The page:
### Right-Angled Triangle

If two angles in a triangle are acute and third angle is a right angle or 90°, such a triangle is called a right-angled triangle.

### Obtuse Triangle

If two of the angles in a triangle are acute and the third angle is an obtuse angle or an angle greater than 90°, such a triangle is called an obtuse-angled triangle or obtuse triangle.

### Equilateral Triangle

In a triangle, if the lengths of its three sides are equal, then such a triangle is called an equilateral triangle. In an equilateral triangle, all the angles are equal to 60°.

### Isosceles Triangle

In a triangle, if two of the sides are found to be equal in length, then such a triangle is called an isosceles triangle. In an isosceles triangle, the angles opposite to the equal sides are also equal.

### Scalene Triangle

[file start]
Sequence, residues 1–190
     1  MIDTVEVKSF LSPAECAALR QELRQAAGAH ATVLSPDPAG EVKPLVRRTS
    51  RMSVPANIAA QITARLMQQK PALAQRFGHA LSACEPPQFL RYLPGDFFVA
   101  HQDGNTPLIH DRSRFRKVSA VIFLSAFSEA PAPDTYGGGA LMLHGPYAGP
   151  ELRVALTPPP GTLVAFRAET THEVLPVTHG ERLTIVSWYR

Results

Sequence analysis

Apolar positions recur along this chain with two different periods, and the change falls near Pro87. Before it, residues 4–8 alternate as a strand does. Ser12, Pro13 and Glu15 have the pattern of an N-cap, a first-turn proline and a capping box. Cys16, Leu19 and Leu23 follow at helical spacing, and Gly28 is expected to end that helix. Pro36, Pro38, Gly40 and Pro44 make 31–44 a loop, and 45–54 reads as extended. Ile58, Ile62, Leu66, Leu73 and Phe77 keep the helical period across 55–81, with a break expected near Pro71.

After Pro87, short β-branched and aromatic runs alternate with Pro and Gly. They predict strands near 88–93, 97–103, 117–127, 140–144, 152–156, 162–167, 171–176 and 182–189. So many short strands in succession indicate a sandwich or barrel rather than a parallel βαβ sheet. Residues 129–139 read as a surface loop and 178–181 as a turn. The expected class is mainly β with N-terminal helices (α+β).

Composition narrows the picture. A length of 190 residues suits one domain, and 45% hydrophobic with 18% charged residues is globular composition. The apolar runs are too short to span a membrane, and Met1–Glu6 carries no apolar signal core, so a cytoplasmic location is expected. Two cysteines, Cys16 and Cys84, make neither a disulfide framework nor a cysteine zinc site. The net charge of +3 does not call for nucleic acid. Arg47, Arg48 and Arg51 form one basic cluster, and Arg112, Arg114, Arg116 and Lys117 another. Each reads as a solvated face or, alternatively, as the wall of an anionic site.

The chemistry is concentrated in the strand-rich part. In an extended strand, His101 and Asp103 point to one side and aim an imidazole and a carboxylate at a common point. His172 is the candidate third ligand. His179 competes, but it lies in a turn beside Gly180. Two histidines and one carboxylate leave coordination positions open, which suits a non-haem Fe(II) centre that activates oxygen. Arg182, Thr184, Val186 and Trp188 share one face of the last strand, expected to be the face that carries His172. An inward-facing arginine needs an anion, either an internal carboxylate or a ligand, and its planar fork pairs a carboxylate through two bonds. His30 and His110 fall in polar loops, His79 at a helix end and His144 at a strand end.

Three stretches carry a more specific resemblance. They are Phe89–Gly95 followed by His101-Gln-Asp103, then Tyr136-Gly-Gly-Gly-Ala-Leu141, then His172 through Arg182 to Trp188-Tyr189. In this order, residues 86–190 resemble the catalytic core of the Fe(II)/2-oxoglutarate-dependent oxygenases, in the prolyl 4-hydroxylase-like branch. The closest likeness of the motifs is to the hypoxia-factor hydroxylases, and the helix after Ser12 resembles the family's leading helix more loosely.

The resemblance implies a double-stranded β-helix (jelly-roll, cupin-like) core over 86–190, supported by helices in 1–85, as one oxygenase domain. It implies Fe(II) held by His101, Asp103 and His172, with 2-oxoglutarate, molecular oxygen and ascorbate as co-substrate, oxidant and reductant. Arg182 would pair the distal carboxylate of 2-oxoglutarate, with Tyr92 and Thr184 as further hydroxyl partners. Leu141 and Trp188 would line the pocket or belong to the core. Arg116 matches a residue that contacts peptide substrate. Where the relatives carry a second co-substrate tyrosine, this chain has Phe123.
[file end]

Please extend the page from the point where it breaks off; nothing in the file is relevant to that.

In a triangle, if the lengths of the sides are different or unequal, then such a triangle is called a scalene triangle. All its three angles are unequal too.

## Types of Quadrilaterals

A quadrilateral is a polygon with four sides and four angles. There are many types of quadrilaterals like rectangle, square, parallelogram, rhombus, and trapezium.

### Rectangle

Rectangle is a type of quadrilateral. It has two pairs of sides that are of equal length and are parallel to each other. All the angles are equal to 90°.

The diagonals of a rectangle are equal in length and bisect each other.

### Square

All the sides of a square are equal and parallel to each other. All its angles are equal to 90°.

A square is a special case of a rectangle where the length and breadth are equal. The diagonals are perpendicular bisectors of each other.

### Parallelogram

It is a type of quadrilateral where opposite sides are equal and parallel to each other. Opposite angles are equal and adjacent angles are different.

All rectangles and squares are parallelograms. But all parallelograms are not rectangles or squares.

### Rhombus

A special type of quadrilateral, the rhombus has all its sides equal.